And it’s not that his life was so bad! Or that he was so bad. This isn’t a story of “redemption”, at least not in a straight bad-good way. Aamir may have acted tough, but he sort of respected his female lawyer (I LOVE her! Mita Vasisht, she was the one I was all excited to see in a decent role in Bhavum), and he was loyal to his big brother, and most of all, he was a wonderful decent guy to Rani Mukherjee.
(Mita Vasisht is also the main person in this amazing music video. She’s great, is what I am saying)
It is the relationship with Rani that really starts to melt his hard exterior. At first it is just a harmless infatuation, he tries to impress her and be all scary and brave and macho. But what really gets her attention (and the audience) is when his attempt to impress her goes wrong, and he ends up saving the life of his rival instead of challenging him. And, even more impressive, is the small gesture that Aamir is the only one to stay back after the authorities arrive, long enough to give Rani a ride.
This is more than just a gesture of love, this is an indication of a general awareness of and concern for others, of being part of a responsible society. While the rest of the restless motorcycle hoodlums took off without a second thought for their sexy co-rider, Aamir came back for her and made sure she got home safe. Even gave her his jacket so she would be warm on the ride. I kind of think his character would have done the same thing even if she hadn’t been a pretty girl he had a crush on, if she had been just a girl who needed a ride.
His relationship to Rani continues to be the one area where his humanity shines through. For instance, the “Khandala” song. We all know it as this catchy sexy rap thing. And that Aamir sang it in his own voice. But if you see it in context, it’s not about a guy trying to get his girlfriend to go away for the weekend. It’s about a guy pretending to be trying to get her to go away for the weekend, so she can pretend to be resisting, and they can both forget the really ugly scene that happened at her house when he came to pick her up. He’s using his mask of toughness to make her feel better, by bringing her into that same mask, where he is a tough heartless boy who just cares about sex, and she is a flightly frivolous girl who just cares about avoiding his advances.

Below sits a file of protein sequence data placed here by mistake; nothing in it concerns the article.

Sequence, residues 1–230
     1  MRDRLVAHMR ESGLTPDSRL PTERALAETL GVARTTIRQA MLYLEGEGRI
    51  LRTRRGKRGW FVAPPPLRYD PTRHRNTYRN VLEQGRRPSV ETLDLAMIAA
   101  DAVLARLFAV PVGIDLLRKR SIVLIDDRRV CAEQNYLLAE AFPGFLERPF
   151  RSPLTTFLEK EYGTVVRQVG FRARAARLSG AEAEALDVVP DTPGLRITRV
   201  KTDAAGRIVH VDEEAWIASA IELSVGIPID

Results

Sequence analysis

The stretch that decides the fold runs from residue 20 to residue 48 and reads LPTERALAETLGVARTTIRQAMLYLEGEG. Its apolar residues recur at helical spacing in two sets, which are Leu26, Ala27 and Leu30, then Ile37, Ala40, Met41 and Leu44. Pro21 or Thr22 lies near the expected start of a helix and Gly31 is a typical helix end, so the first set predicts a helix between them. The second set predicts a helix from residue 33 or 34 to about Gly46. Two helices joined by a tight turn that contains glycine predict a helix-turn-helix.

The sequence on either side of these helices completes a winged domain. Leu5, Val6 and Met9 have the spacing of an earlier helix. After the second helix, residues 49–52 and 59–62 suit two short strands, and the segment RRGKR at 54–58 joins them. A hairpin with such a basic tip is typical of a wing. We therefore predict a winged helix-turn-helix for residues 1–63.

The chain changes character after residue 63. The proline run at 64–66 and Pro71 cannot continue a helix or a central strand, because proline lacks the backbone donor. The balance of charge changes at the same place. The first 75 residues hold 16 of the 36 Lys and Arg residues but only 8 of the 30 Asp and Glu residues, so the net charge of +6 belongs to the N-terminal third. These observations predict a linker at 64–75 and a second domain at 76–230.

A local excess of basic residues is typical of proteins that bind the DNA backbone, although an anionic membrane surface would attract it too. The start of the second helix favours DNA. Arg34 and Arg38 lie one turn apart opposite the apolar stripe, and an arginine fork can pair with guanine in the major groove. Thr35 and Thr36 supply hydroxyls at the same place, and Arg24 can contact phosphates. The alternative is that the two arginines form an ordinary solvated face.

Which brings me to Dangal! There are a few themes that I find similar. First, of course, the alteration to the body. I suspect we will see a similar affect here to Ghulam, where Aamir has this massive physical transformation, but the “real Aamir” is shining through beneath all of that. In this case, the cocky youthful athlete with the world in front of him shining through the present day older heavier and past his prime Aamir.
(Just now noticed this is supposed to take place in 1988. So, if they switched channels, would they see reports about this surprise blockbuster hit film from the young actor Aamir Khan?)
I’m also expecting a journey from fake confidence to real. But not from Aamir. I am expecting it from his daughters. Based on the song clips and trailers, it looks like they (particularly the oldest daughter) are the ones who will be thinking they’ve got it all figured out, only to realize that they don’t at all. And will be going from superficial confidence to real.
And then there’s “Khandala”. In that song, Aamir is inviting Rani to join him in his fantasy of sex and strength and danger. It’s just for a goof of a song in Ghulam, but the same thing kind of happens in Dangal in a different way. He invites his daughters to join him in building outer strength which will also provide them with inner strength.
I guess that does still work with Ghulam! Aamir’s love and support for Rani teaches her to have faith in and respect herself. Which is also what gives her the strength to leave him. And in Dangal, looks likely, that Aamir’s training and confidence in his daughters will backfire on him when they take that strength and use it to rebel against him.